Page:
Even if you’re not in the tech industry, you must have, by now, heard of the uber cool, envy-inducing offices belonging to Google, Facebook and the like. Take Airbnb’s, which opened a local branch in Shenton Way earlier this year. It’s modelled after the residences on the holiday home rental site (one room’s meeting table is converted from a bathtub, as seen in a cabin in Australia’s Byron Bay). As the new yardstick for creative office design, if you will, its unique features are aimed at fostering collaboration, creativity and thinking outside the box. Now, imagine that same ethos applied to the other office design trend in Singapore, one that’s a lot easier to access: the co-working space.
Co-working spaces aren’t new. In fact, they started popping up here more than five years ago as the rise of entrepreneurs and start-ups meant a need for more conducive environments for individuals and smaller companies to work in (come on, Starbucks, really?). The ones that have emerged in the past year or so, though, aren’t just the millennial alternative to traditional offices, responding to changes in the way people work. (Most operate on a membership basis – the duration varies – and offer desks by the day.) They’re also about changing the way people feel at work, a major factor linked to creative output.
Among them, The Working Capitol (above) on trendy Keong Saik Road made waves when it opened in March last year. Started by siblings Ben and Saranta Gattie, the 33,000 sq ft, three-storey heritage building with its bright, airy and minimalist cool interiors kick-started the trend for workplaces to be more than just desks and whiteboards.
Says Saranta: “Beautiful design is now something that’s expected. As the co-working movement matures, certain standards are going to become basics. At the level we’re working at, design has to be at the foundation. Like at the Google or Facebook offices, it’s a major drawcard in attracting the best talent.”
Besides the ambience, the duo run a dedicated event space and offer wellness programmes like Mindful Mondays, where experts give free yoga classes, on site. “The culture we’re promoting is designed not only for members’ overall well-being, which in turn affects thinking, but can also lead to opportunities for new professional relationships with people you might not otherwise have met.”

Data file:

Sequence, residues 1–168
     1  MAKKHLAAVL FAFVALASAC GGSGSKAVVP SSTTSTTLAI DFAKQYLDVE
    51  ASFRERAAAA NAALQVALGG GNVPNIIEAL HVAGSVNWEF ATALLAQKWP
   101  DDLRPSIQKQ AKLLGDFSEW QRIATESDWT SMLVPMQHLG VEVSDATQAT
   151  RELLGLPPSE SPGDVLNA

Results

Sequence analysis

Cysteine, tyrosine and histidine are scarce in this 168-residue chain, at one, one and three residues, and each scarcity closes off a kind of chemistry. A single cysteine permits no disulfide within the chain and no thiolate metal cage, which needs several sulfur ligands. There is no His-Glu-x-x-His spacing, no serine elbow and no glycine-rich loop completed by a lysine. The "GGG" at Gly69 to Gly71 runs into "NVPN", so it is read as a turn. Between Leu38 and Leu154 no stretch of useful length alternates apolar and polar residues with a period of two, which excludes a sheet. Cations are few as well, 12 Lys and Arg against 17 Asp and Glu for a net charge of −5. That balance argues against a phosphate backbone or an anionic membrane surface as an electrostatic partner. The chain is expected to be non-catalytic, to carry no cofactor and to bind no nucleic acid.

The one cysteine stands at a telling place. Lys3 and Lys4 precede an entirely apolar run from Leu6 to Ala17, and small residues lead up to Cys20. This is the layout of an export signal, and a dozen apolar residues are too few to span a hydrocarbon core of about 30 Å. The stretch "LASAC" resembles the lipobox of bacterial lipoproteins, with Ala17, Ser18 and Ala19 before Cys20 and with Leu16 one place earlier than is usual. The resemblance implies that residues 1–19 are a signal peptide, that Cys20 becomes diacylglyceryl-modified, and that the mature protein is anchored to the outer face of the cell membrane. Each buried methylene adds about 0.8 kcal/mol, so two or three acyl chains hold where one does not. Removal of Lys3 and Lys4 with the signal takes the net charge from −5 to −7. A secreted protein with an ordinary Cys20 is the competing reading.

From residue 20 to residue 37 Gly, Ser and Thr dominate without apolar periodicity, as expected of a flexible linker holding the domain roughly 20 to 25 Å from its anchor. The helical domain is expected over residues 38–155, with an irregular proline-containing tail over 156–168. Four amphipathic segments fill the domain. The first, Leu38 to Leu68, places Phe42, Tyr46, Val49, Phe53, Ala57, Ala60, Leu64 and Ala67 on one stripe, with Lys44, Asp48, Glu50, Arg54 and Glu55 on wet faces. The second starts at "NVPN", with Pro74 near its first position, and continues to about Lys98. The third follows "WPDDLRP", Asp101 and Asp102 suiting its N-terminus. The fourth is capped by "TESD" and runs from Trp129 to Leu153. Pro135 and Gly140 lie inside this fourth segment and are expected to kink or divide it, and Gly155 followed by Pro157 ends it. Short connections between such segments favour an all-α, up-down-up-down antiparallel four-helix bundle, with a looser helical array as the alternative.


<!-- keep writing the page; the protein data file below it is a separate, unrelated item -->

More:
LIKE A PRIVATE CLUB
Walk into The Great Room, the 15,000 sq ft co-working space that opened on the 10th floor of One George Street five months ago, and you’d be forgiven for thinking that it’s a five-star hotel or country club. A concierge greets visitors at the door, a high-end coffee machine whirs away on a marble-top bar, and everyone in The Drawing Room (lobby) is sprawled out on designer leather sofas. Impressive pieces of contemporary art by emerging Singapore artists line the walls, while floor-to-ceiling views of Singapore’s skyline beckon in the foreground.
The idea behind it came about as co-founder Jaelle Ang noticed that a third to half of workers today are mobile. The founders wanted to create a space for anyone, from established tech and finance companies to non-profits and entrepreneurs – or as they like to describe members, “creatives, collaborators, conquerors and the curious” – to work in. Paul Semple and Matthew Shang of Distillery Studio, who came up with the stylish looks of The Club Hotel, Regent Hotel’s Manhattan bar, and The Hour Glass boutiques, spearheaded the design. Following a timely merger with renowned workplace design practice Hassell, the result was an impressive space with hospitality sensitivities and the functionality of an office.
Hassell designer Cindy Lefcovitch says: “The Google Singapore office (also designed by the practice) was mentioned during the briefing; not focusing on aesthetics, but rather, the ideas behind it. At The Great Room, we created quirky elements and talking points within the open spaces. The soft settings, palette, furniture and styling took things to another level. You won’t find bright colours and beanbags here.” Instead, the space is rendered in a palette of petrol blue, tobacco and camel tones, with plush materials like leather, timber, glass and brass aplenty.
To make members feel as relaxed as they would working in their own home, the space is flooded with natural light to improve productivity and alertness, while soft lighting adds to the domestic touch. The furniture is bespoke (there are no actual workstations), while objets trouves and coffee-table books on art and design dot the place.
“Craftsmanship and attention to detail are core to the idea. We hope these elements will create
talking points and start conversations between members,” adds Lefcovitch.